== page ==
Saturday Night Live Mashes Up the Trump Administration With Both The Bachelor and This Is Us
As much as we might talk about actual scripted dramas or reality television, the saga that’s actually captivating the nation these days is the Trump administration, something Saturday Night Live has used to its massive advantage for nearly two seasons now. And in two of the earliest sketches in Saturday night’s episode, hosted by Sterling K. Brown, the show proved that there’s pretty much no drama on television that can’t, somehow, connect to Trumpworld.
First up was the cold open, a remarkably accurate recreation of Monday’s instantly infamous The Bachelor finale, with Cecily Strong in the role as the soon-to-be-jilted Becca and Kate McKinnon as . . . special counsel Robert Mueller!
Though the sketch starts off a bit awkward (though not nearly as awkward as the real-life breakup that inspired it), it picks up speed when it becomes clear this isn’t just jamming together two ubiquitous pop-culture figures, but making a pretty compelling argument that liberals hoping the Mueller investigation will result in impeachment is maybe about as smart as believing in true love on The Bachelor. “Collusion is literally the only thing I’ve been looking forward to for the past year,” Strong says; later, coming out of the bathroom after sobs, she asks plaintively, “So I have to wait two more years for him to be out of office?“ “Honestly, probably six,” McKinnon‘s Mueller responds matter-of-factly. Her Mueller impression isn’t as dead-on or memorable as Sessions or Kellyanne Conway (more on her later), possibly because no one really knows what Mueller looks or talks like. But the reality check is no less stark for it.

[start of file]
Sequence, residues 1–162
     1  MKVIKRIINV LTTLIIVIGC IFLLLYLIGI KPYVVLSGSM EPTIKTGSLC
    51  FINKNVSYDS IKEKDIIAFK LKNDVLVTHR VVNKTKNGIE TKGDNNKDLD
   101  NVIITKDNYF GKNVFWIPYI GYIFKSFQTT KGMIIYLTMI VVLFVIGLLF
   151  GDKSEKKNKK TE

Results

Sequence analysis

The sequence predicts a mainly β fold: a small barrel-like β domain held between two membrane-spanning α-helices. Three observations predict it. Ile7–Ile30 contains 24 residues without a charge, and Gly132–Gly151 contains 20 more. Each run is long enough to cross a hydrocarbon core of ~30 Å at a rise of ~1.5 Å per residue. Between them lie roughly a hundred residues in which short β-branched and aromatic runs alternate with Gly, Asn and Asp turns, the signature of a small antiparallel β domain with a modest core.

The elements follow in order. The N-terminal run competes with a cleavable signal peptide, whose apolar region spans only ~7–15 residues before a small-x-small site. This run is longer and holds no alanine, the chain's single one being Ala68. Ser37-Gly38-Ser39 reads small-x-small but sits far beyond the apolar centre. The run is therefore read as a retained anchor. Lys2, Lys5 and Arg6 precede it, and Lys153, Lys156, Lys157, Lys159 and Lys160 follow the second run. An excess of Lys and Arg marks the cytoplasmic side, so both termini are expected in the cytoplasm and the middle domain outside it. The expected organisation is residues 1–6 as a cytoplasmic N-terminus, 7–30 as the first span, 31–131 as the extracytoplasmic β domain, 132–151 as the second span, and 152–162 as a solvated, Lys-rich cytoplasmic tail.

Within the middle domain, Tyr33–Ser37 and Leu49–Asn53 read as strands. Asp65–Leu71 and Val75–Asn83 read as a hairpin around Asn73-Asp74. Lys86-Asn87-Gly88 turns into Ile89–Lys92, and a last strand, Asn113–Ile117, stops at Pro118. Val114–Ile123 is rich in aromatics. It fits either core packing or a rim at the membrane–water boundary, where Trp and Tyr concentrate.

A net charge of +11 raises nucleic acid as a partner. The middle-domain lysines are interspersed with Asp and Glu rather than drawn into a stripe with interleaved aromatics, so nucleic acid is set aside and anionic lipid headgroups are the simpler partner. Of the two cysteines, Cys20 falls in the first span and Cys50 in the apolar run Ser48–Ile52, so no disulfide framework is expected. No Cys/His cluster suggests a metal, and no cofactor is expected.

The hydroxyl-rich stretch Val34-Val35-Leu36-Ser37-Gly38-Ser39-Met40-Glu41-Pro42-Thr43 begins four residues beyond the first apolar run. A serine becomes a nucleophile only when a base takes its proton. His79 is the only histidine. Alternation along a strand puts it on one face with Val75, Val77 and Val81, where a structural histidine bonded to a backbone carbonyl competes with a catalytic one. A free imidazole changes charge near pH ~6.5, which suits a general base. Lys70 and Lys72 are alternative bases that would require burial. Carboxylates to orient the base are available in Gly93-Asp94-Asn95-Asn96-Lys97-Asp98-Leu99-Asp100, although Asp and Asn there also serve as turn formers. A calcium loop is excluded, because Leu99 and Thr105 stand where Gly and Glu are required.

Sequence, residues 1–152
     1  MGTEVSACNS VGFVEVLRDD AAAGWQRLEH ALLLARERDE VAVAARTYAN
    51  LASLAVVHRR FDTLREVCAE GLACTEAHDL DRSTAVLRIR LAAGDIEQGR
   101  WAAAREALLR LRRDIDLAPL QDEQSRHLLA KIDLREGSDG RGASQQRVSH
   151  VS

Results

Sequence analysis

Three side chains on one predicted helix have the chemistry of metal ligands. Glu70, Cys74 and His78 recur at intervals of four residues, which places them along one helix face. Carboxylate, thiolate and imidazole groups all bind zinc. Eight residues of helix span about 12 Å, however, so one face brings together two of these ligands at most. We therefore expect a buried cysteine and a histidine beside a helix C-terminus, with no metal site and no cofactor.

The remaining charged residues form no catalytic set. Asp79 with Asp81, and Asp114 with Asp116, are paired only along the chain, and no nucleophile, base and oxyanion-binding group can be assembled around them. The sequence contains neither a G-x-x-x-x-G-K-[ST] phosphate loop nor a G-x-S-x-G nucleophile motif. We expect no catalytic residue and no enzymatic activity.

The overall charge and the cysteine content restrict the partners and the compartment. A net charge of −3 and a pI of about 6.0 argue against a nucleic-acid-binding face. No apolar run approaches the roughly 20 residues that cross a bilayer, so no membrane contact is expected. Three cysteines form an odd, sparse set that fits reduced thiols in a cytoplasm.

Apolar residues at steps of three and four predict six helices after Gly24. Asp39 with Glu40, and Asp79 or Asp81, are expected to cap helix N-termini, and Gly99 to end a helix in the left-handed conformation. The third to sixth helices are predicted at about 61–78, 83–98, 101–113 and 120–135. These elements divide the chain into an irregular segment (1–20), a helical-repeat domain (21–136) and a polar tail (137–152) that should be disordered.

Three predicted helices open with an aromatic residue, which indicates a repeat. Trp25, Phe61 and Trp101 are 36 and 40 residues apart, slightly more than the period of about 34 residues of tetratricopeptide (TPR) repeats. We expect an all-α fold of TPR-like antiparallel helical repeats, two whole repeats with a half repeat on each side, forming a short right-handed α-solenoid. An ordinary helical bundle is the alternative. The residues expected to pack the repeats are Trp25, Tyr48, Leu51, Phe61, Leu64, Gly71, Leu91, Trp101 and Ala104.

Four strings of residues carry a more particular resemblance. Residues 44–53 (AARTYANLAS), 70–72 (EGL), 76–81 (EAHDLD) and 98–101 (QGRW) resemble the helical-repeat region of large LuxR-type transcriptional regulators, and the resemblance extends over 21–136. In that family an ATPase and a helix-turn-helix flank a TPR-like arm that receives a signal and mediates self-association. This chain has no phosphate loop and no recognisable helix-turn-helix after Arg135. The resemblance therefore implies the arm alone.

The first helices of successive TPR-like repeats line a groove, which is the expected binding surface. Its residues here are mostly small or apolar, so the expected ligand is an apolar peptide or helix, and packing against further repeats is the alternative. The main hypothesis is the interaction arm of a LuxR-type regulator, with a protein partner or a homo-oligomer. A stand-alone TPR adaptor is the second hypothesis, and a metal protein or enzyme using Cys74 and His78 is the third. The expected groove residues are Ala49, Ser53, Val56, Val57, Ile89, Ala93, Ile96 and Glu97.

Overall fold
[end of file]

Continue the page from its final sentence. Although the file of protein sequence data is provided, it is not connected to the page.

After Brown’s opening monologue and a Celebrity Family Feud sketch that gave him the opportunity to debut a surprisingly accurate Common impression, the show went with a pre-taped fake ad for the number-one drama on television . . . This Is U.S. Featuring Ben Carson, Sarah Huckabee Sanders, and Jared Kushner weeping on a weekly basis about how their lives have gotten to this point. (Kellyanne Conway is there too, but as she reminds us in the sketch, “I can’t cry. There’s nothing inside me.”)
The critics are raving: “You’ll be laughing through tears. Except without the laughing. So I guess just regular crying.“
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